I also just submitted the class’ second assignment, which involved checking fourth pages against third pages. Once a manuscript has been copyedited, a finalized version of it—looking as it will when published, with proper formatting, photos, etc.—is circulated to be proofread and edited as necessary by the copyeditor, proofreader, and author. This is called the first pages. If many corrections are made to the first pages, a second pages will be created, and so forth. Each time, the typesetter is responsible for keying the new changes into the manuscript. So we had to check the fourth pages of a book that the typesetter “fixed” based on the edits the author made to the third pages, ensuring that the author’s edits were inputted correctly. This was also the longest explanation ever but I hope it made sense. Overall, I thought it was a really straightforward assignment, though the book was on BUGS (and had very detailed, close-up photos) so *shudder*


The latest focus has been on organizing good author events and creating ideal partnerships to promote a book and author to a wider audience.

This is probably the class I’m least worried about currently. I have one more assignment to do, which is kind of cumulative. I need to basically redo my first two assignments (pitching a book to a radio producer/newspaper editor, and creating a one-day author tour in Toronto) for an entirely new book. I previously chose Jodi Picoult’s Small Great Things, and now I’m doing Heather Morris’ The Tattooist of Auschwitz. I’m looking forward to it!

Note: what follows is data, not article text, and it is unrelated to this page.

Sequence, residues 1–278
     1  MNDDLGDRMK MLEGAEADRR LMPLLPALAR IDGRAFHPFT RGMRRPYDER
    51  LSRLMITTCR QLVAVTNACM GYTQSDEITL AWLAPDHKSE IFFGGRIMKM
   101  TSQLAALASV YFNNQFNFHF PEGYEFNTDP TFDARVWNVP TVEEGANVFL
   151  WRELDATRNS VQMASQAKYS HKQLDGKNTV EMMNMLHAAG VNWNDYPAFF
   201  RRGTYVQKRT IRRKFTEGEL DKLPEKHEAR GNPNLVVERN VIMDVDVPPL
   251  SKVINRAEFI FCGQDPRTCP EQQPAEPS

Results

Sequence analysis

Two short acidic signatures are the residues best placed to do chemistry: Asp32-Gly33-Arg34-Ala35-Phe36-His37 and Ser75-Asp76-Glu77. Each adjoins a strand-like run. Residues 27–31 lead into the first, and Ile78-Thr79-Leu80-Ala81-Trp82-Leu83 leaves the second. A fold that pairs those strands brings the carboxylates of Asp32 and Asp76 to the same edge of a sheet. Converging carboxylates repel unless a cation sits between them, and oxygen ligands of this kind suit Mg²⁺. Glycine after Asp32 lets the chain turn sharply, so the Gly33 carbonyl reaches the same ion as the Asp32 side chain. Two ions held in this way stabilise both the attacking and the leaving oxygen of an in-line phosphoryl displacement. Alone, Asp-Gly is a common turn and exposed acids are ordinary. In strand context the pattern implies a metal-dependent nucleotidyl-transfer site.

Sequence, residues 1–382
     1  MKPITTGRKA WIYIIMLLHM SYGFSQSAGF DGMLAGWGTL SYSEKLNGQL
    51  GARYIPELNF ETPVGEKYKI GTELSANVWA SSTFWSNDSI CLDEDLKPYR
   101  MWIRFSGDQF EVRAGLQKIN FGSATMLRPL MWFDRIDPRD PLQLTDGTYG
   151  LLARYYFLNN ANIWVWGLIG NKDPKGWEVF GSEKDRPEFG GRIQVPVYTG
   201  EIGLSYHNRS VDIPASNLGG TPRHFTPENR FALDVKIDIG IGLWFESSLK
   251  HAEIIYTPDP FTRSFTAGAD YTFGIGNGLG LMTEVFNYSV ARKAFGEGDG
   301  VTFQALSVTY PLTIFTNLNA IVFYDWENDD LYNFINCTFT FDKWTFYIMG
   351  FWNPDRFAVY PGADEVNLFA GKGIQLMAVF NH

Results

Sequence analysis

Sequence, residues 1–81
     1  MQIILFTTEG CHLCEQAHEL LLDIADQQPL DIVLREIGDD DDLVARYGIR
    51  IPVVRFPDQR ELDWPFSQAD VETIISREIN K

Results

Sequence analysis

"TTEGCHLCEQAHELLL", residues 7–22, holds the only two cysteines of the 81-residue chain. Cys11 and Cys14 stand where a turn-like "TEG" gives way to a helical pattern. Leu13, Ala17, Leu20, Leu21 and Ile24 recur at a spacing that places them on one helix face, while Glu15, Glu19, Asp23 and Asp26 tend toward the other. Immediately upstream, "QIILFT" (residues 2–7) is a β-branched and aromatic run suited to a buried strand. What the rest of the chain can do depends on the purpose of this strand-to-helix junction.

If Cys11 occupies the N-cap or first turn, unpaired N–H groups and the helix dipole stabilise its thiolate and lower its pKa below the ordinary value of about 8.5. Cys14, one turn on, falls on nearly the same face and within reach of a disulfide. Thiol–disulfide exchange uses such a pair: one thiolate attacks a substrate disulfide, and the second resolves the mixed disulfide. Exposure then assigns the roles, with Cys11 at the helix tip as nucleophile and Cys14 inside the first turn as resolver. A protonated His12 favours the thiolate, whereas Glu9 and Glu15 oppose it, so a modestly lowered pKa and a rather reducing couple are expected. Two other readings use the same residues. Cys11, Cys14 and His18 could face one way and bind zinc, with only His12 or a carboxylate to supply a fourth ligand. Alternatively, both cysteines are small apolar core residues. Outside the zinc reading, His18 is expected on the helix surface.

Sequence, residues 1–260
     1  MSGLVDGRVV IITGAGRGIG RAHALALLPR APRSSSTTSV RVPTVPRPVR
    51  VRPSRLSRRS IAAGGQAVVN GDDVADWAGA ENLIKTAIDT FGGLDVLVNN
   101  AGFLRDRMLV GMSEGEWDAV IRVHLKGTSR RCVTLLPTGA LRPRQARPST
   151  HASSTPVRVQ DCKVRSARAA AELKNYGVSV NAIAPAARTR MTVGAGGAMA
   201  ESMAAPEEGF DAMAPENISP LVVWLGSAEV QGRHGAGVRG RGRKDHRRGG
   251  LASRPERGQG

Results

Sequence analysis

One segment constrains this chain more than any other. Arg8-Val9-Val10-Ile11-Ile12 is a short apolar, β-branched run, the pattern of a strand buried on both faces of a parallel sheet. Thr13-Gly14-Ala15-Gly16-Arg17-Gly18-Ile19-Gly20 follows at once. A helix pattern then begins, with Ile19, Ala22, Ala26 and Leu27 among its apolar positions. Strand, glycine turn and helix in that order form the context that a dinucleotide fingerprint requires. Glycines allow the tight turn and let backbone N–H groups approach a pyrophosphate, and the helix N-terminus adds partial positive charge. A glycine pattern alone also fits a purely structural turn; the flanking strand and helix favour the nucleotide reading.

Only four more weeks until the semester is over! I’m real excited to be done soon LOL.

Publishing Certificate Week 18, 19 & 20: Halfway There!

Hello and welcome back! It’s been a month since I wrote one of these (oops). I had a week off school and then I was absolutely swamped by schoolwork last weekend, so HERE WE ARE. And these last 4 weeks have been An Ordeal. Let’s recap:


This class has officially become the bane of my existence this semester. It’s a shame because I wasn’t sure if I wanted to give production a try in the future, but uh nope not anymore I’m good thanks. Continue reading “Publishing Certificate Week 18, 19 & 20: Halfway There!”

February 2019 Reading Wrap-Up

February is over! I read 13 books 🙂 (If the month was 3 days longer, I’d totally squeeze another book in, darn it February).

What was your favourite book you read this month?

Madeline Miller, The Song of AchillesMadeline Miller, The Song of Achilles
Published: September 20 2011
Genre: Historical Fiction, Retelling, LGBT

I absolutely ADORED this book. It’s a retelling of Homer’s Iliad but told from the perspective of Patroclus. He served as Achilles’ companion and was a minor character in The Iliad, despite doing something major at the end.

In this book, we see Patroclus as he grows up a disappointment in his father’s eyes, and eventually becomes Achille’s friend and companion. It spends a lot of time exploring their relationship as they grow upand how they also become estranged over the years of the Trojan War. Continue reading “February 2019 Reading Wrap-Up”

Lisa See – The Island of Sea Women (ARC Review)

On the island of Jeju in Korea, haenyeo are women divers who help support their families and communities through what they grow and find underwater. When they are old enough, best friends Young-sook and Mi-ja join the all-female collective for a life of excitement but also responsibility and danger.

Beginning during the Japanese occupation in the 1930s and 1940s, the novel travels through time to the present to show how life changes in the community—and how the haenyeo must adapt to hardship. It also shows how Young-sook and Mi-ja’s friendship becomes strained by their own pasts and outside forces. Continue reading “Lisa See – The Island of Sea Women (ARC Review)”